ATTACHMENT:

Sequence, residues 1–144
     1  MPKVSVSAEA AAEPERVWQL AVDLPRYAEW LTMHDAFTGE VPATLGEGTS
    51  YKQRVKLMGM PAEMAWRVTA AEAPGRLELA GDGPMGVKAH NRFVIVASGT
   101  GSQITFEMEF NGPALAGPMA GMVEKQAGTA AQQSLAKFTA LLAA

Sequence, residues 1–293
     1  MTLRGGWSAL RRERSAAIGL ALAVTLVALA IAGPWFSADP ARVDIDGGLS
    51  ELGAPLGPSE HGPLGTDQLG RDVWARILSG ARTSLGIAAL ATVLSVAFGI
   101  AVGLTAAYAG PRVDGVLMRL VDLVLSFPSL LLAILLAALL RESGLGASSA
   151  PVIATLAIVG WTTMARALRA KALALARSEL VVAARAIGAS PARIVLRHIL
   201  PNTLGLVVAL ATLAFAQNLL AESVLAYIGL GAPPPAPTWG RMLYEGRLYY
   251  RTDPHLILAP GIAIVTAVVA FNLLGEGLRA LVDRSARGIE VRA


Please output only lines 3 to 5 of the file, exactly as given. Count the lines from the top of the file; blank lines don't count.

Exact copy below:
    51  YKQRVKLMGM PAEMAWRVTA AEAPGRLELA GDGPMGVKAH NRFVIVASGT
   101  GSQITFEMEF NGPALAGPMA GMVEKQAGTA AQQSLAKFTA LLAA

Sequence, residues 1–293